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Stickam – A Very Dangerous Site for Kids

| January 20, 2012 | Comments (6)
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I’ve written and talked at length about the challenges that webcams create for parents, as well as the safety and privacy risks that they can create for our children. You may have heard of some of the more headline-grabbing sites, like TinyChat and Chatroulette, but have you heard of Stickam?

Like the former two, Stickam allows their members to anonymously video chat with each other. And if you’re not a member, well, you can just simply watch. Thinking about blocking Stickam on your child’s computer? I don’t blame you.

Video-chatting is performed in one of two ways: by creating/joining a chatroom group where multiple people simultaneously stream their webcam feed, or by “Going Live” and launching a video-chat room where you’re the center of attention as random users watch your live webcam feed. Interestingly enough, there are “live sex” porn sites that use this exact same functionality.

Groups
A quick visit to their site and it doesn’t take long to realize that Stickam isn’t a website that has your child’s best interests in mind. And I would even argue that it’s a culturally unhealthy site for your kids as well. The folks at Stickam make a token effort at obeying online safety laws like COPPA by requiring users to be 13 years of age or older, but as we’ve seen on Facebook, your child can easily lie about their age during the sign-up process.

All of that aside, there are a couple of key features on Stickam that I want to point out to parents so they understand why it’s so important to block this website (and category of websites – i.e. video chatting sites) on their family computer and/or their child/teen’s computer. Of course, like with any online-safety precaution you take in your home, these action items should be followed up with a conversation about why you block these types of sites and the rules you expect your child to follow regarding responsible webcam usage, at and away from home.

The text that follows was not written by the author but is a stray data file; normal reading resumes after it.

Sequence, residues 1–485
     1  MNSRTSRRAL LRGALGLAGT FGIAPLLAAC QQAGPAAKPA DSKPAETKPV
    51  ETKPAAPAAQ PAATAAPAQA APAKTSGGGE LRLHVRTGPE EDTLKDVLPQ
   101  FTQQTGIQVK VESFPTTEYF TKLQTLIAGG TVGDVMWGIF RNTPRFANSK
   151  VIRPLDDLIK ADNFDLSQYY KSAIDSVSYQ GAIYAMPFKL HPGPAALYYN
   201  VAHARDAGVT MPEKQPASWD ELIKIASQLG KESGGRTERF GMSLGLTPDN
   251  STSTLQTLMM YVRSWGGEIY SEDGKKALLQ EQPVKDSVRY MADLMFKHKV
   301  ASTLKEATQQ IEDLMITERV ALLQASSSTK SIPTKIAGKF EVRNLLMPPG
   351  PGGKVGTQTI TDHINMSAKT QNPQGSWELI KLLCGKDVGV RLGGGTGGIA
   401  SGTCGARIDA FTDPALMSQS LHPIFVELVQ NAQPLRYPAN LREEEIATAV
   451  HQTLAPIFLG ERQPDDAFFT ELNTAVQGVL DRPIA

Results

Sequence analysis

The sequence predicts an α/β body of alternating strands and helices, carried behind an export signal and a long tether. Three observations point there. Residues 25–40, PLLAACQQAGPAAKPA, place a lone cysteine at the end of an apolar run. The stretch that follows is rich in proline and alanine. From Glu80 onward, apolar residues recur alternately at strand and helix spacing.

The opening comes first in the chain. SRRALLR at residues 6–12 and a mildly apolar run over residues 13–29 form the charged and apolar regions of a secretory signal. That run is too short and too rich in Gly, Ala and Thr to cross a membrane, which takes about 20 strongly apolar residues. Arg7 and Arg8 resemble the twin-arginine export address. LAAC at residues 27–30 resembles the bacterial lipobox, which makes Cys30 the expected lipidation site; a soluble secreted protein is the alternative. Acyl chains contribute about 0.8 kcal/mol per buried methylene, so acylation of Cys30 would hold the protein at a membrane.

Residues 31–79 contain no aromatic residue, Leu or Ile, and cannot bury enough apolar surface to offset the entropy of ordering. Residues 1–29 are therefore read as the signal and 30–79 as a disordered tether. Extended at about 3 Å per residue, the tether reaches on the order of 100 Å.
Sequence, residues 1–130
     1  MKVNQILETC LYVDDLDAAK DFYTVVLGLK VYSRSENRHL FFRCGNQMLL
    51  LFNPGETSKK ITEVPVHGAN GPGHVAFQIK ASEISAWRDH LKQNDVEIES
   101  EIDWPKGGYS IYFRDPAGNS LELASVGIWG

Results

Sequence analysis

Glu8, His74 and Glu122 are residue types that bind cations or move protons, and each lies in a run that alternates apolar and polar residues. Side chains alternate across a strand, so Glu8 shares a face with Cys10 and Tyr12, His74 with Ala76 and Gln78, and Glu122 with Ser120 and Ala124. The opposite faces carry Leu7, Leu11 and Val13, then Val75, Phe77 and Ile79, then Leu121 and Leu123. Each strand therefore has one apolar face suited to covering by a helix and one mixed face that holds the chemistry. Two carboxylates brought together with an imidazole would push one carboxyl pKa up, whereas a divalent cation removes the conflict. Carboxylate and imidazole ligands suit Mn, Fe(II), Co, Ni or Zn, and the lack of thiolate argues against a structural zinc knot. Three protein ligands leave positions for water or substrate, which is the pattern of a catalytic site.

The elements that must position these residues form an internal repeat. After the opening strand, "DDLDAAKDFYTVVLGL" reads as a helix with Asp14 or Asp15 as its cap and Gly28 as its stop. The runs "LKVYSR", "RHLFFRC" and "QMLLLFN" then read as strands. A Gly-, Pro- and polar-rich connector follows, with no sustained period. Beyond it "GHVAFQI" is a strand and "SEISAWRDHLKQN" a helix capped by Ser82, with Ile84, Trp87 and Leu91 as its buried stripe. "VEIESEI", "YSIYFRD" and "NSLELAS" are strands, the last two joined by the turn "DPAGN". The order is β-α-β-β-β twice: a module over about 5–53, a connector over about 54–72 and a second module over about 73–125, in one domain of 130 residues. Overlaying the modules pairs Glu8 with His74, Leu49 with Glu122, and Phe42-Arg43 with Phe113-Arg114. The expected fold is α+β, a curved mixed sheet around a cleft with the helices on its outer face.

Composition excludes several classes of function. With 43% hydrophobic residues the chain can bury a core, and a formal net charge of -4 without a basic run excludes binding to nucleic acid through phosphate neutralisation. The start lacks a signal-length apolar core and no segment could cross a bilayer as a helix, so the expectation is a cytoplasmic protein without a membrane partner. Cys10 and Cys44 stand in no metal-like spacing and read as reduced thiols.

Searching by Age:

When looking to see “Who’s Live” on Stickam, you’ll notice the sidebar on the right that allows 1 members (and visitors) to search for other members by filtering through a few criteria. You’ll also notice that one of those criteria is age, and another one is zip code, two pieces of personal information that Stickam requires from members.

It’s obvious that this search tool was meant to help people find other people who are in their age range or close to where they live. But what’s also obvious is how easily online predators can use this to find young children. Imagine, a 45-year-old registered sex offender looking through the results that come up when they narrow their search down to ages 14 – 16 within a 5 mile radius.

Shuffle -

Stickam takes their video-chat service a step further by turning it into a game called Shuffle. If you’ve read my article on the online chatting “game” called Jailbait, then you’re probably familiar with how this works.

The objective of Shuffle is to earn points and prizes for video chatting with other people for long periods of time, or for chatting with a lot of different people. Basically, the more you chat, the more points and prizes you earn and the higher you rank in the leader-boards. Stickam claims that they have strict guidelines in regard to lewd behavior and language, yet upon trying the game for myself I ended up in multiple chatrooms where naked men were just waiting.

Shuffle
What can parents do?

As I mentioned before, video-chatting websites like Stickam present a great opportunity to talk to your children about digital responsibility, online safety and the things that constitute appropriate interaction and inappropriate interaction. This is what you can do: